AKRON, Ohio — Three men accused of trying to blow up the Route 82 Brecksville-Northfield High Level Bridge were sentenced Tuesday.
The first, Douglas L. Wright, 26, of Indianapolis, was sentenced to 138 months.
Judge David Dowd acknowledged the government would disagree with that punishment because prosecutors were asking for twice that amount — more than 30 years.
“I have found that the defendant, 27 years of age, the lengthy period of incarceration would likely persuade the defendant to not participate in any further criminal conduct,” Dowd said.
Wright’s attorney told the court: “This young man is not a cold-blooded terrorist.”
Wright later addressed the court, saying, “I was wanting to apologize to even have to come before you on these charges. I want to apologize to the community, everybody in the Cleveland, Akron area. I wanted to apologize to my friends and family for having to put everybody through this.”
Wright then thanked his friends for supporting him since his arrest.
“I take full responsibility for my actions.”
Next up was Brandon L. Baxter, 20, of Lakewood, Ohio.
He was sentenced to 117 months, much shorter than the prosecutor-recommended 300 months.
Speaking about Baxter, defense attorney John Pyle said this of his client:
“The government has every right, every duty to trap terrorists. I don’t dispute that for one second. I grew up in a country where farmers trap destructive rodents; they sometimes trap curious cats. Brandon Baxter is more a curious stray cat than a destructive rodent.”
Pyle also argued that his client was not “intimately involved” in the planning of the plot.
“He was there, he was involved in the discussions, and then he drifted off,” Pyle said.
Wendy Baxter became emotional when speaking of her son.
“I’m very shocked and appalled. Brand is a very loving, giving, gifted child. It breaks my heart.”
Andy Baxter shared similar sentiments about his son, at one point becoming angry on the witness stand and blaming the government for being an “instigator.”
Baxter later addressed the court, saying, “I would like to acknowledge the fact that I recognize and understand that if the devices were real, this would not be a victimless crime. I would like to apologize to the people in the communities that use the Route 82 bridge on a regular basis. If this had gone through, this would have been a detriment to everybody.”
Baxter also expressed remorse to his family and friends.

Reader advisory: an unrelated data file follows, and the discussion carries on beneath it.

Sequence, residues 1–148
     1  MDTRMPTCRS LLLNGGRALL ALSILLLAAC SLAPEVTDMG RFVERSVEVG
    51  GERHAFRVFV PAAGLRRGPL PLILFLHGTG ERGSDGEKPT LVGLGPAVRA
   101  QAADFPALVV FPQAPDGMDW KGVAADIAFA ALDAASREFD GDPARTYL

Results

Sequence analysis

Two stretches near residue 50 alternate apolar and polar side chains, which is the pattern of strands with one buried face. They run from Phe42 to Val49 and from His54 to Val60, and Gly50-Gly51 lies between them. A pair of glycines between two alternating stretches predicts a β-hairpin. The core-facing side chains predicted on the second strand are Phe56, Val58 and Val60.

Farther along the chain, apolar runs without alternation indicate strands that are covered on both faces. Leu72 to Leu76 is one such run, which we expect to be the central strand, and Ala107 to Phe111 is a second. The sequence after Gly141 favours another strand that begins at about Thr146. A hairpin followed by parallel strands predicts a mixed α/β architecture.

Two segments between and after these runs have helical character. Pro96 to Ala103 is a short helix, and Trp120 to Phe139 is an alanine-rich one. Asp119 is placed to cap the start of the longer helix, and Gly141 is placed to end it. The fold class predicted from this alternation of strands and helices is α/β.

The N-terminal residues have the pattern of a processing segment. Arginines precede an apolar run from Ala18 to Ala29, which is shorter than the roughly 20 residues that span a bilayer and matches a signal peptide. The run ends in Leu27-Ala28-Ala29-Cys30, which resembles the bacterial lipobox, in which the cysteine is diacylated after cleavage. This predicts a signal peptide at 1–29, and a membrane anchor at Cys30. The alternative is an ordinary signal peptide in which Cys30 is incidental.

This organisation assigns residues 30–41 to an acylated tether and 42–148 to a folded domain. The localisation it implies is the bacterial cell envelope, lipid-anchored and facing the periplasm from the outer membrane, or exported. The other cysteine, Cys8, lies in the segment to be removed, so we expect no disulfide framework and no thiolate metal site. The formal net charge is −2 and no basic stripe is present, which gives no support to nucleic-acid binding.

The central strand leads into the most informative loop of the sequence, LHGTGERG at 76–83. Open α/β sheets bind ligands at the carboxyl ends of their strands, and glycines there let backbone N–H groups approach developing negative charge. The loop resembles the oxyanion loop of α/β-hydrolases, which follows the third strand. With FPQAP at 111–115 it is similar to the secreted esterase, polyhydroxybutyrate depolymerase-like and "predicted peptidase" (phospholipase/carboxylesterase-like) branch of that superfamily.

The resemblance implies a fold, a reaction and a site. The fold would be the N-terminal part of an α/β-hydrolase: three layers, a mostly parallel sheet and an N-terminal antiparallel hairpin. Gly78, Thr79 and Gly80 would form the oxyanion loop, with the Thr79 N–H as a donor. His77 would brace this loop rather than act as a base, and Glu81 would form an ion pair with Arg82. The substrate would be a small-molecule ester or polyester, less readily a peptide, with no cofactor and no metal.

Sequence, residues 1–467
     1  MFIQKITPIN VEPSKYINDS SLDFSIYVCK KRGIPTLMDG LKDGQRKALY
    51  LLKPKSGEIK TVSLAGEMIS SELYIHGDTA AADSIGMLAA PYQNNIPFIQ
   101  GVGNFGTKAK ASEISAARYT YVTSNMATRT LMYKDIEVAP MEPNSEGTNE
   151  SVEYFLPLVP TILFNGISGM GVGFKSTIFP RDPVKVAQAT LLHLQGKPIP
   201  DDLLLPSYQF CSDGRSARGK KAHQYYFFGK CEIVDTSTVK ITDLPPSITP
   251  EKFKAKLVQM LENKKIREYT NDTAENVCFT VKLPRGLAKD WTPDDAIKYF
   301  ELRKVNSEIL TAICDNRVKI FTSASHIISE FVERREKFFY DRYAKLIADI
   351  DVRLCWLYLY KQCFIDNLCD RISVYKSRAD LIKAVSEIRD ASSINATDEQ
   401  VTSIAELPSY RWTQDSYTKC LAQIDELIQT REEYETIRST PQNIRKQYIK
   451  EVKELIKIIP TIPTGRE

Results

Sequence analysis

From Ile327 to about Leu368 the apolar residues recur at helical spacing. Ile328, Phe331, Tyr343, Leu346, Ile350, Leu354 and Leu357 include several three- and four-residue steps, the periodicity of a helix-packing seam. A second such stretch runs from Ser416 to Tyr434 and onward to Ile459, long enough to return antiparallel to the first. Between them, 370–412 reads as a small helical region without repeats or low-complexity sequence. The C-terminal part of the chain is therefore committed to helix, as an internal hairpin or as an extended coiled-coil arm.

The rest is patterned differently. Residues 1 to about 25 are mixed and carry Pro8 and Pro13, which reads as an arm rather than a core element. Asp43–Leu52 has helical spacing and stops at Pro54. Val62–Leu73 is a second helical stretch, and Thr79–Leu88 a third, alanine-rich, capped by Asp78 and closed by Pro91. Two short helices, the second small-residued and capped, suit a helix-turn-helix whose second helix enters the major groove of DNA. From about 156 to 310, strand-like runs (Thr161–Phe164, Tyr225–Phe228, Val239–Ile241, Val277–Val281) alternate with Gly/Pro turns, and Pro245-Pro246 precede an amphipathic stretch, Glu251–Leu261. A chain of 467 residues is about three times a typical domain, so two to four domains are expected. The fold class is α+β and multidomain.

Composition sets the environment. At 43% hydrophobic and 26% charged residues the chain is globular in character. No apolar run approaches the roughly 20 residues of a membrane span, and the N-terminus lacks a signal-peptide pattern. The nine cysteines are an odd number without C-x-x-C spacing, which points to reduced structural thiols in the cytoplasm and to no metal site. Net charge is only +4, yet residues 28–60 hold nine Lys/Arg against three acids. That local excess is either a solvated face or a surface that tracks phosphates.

He also said this of his punishment: “I plan on using my time in incarceration to better myself.”
Meanwhile, Connor C. Stevens, 20, of Berea, was sentenced to 97 months in jail, or a little over eight years. Prosecutors had recommended 228 months.
Before sentencing, Stevens called the plot “an insane act of aggression” and asked that “the people of Brecksville…to find it in their hearts to forgive me.”
“Every day of my life, I am filled with sorrow reflecting on the act that brought me here,” said Stevens. “An act of blind violence. Endangering the life of human beings is intolerable, and for that I take responsibility.”
Stevens’ defense attorney, Terry Gilbert, said he took a personal interest in the case, in that he and his family have attended Occupy Cleveland protests but never felt any threat of violence.
Gilbert said Stevens was very involved in Occupy and didn’t believe in violence. But when it disbanded, he had problems with drugs and alcohol, had no job and no place to live. Gilbert said Stevens had very little involvement in the plot, and had backed out of it.
“They were all talking amongst themselves that they didn’t think Connor would go through with it, because Connor wasn’t even involved,” said Gilbert. “He was just around.”
The three men had all pleaded guilty to conspiracy to use weapons of mass destruction, attempted use of weapons of mass destruction and malicious use of an explosive device to destroy property used in interstate commerce, back in September.
In July, Anthony M. Hayne, 35, of Cleveland, pleaded guilty to the same charges.
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